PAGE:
By Jonathan Davies
Deutsche Bank has been given a record $2.5 billion (£1.66bn) by the US and UK over attempts to maniupate interest rates.
The German banking giant will pay $2bn to US regulators and a further £227m to the Financial Conduct Authority (FCA) in the UK.
Deutsche Bank was one of a number of banks involved in the scandal surrounding the manipulation of interest rates. In 2012, Swiss bank UBS was paid $1.5bn as a settlement and in the UK, Barclays paid $453m.
Georgina Philippou, the FCA's acting director of enforcement and market oversight, said: "This case stands out for the seriousness and duration of the breaches by Deutsche Bank - something reflected in the size of today's fine.
"One division at Deutsche Bank had a culture of generating profits without proper regard to the integrity of the market. This wasn't limited to a few individuals but, on certain desks, it appeared deeply ingrained."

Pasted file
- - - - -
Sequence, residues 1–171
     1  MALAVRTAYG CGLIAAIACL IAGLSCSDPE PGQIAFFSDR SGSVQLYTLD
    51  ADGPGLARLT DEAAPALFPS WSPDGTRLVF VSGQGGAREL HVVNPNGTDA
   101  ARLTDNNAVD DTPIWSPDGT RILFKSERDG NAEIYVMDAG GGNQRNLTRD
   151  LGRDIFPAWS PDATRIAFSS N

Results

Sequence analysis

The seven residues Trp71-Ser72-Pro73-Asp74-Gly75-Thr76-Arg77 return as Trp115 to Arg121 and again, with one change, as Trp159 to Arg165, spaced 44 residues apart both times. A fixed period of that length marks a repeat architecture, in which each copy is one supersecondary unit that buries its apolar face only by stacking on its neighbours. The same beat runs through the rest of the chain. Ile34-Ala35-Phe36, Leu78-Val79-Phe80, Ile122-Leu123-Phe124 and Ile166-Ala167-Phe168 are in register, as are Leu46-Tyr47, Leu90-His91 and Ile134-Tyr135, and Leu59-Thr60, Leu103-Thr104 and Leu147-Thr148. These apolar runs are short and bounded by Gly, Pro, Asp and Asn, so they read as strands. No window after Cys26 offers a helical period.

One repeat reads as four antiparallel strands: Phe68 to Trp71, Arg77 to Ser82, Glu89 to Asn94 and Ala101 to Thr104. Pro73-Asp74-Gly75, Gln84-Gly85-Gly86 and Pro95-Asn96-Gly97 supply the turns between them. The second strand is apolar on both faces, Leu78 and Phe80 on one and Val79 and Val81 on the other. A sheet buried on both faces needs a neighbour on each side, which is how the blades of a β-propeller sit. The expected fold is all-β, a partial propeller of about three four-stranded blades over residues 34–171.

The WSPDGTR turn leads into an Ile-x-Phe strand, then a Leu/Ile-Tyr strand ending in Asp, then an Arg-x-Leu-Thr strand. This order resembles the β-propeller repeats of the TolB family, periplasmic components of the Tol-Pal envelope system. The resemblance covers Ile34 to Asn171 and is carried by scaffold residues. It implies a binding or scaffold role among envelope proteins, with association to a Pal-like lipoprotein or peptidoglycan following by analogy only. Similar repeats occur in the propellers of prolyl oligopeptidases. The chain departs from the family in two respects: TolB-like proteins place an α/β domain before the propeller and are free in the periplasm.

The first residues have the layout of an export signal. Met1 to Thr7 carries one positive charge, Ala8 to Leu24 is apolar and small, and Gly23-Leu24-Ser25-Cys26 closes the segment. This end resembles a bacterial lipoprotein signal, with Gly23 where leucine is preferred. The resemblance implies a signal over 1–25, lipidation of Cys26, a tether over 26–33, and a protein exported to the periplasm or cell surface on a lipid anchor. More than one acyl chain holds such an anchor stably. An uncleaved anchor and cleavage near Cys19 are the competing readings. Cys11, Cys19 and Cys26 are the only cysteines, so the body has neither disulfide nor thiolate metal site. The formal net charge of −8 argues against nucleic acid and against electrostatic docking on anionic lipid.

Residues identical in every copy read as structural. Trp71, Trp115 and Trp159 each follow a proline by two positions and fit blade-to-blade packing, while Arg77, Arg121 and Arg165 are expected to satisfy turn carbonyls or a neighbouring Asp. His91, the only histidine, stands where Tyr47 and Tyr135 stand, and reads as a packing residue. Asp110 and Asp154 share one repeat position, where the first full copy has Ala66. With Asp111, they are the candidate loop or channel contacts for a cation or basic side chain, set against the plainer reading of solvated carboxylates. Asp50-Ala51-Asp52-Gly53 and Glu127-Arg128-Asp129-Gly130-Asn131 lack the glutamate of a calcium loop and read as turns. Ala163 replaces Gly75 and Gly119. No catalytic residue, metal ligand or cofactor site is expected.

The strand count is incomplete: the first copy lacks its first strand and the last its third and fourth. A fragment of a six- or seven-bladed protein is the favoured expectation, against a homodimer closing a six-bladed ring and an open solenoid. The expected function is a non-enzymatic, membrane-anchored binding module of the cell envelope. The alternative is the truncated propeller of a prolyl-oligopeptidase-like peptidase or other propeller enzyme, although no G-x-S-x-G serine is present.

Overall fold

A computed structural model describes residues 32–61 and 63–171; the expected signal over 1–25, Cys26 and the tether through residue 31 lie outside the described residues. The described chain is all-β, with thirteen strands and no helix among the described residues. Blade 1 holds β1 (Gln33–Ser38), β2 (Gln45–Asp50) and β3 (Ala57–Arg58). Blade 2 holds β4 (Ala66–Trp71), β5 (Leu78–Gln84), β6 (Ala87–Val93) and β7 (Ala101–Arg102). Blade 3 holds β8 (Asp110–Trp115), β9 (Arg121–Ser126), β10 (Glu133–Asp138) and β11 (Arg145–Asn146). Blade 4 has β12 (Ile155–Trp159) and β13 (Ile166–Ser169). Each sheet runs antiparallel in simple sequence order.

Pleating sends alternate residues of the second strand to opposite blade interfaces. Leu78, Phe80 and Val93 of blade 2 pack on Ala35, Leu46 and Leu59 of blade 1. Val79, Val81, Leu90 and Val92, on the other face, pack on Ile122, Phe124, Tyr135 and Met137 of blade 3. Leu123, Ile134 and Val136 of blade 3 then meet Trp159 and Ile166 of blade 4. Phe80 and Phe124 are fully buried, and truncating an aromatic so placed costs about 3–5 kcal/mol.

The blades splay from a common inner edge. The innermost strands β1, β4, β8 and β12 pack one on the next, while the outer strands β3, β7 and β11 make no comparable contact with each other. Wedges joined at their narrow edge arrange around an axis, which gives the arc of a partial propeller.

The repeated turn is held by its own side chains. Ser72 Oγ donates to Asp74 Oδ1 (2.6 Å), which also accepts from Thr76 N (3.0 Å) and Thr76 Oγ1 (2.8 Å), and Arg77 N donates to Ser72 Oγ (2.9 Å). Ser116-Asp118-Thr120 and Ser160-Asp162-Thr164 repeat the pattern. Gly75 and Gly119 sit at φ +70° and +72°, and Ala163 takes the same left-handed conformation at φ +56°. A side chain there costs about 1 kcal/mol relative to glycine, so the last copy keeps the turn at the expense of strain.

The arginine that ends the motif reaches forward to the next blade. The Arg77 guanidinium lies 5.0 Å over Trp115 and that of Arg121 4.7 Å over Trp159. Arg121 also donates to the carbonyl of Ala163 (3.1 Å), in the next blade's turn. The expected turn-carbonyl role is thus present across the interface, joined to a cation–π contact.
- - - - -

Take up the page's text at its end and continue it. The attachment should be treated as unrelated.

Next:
"Deutsche Bank's failings were compounded by them repeatedly misleading us. The bank took far too long to produce vital documents and it moved far too slowly to fix relevant systems and controls," Ms Philippou added.
Juergen Fitschen and Anshu Jain, co-chief executives of Deutsche Bank, said: "We deeply regret this matter but are pleased to have resolved it... We have disciplined or dismissed individuals involved in the trader misconduct; have substantially strengthened our control teams, procedures and record-keeping; and are conducting a thorough review of the bank's actions in addressing this matter."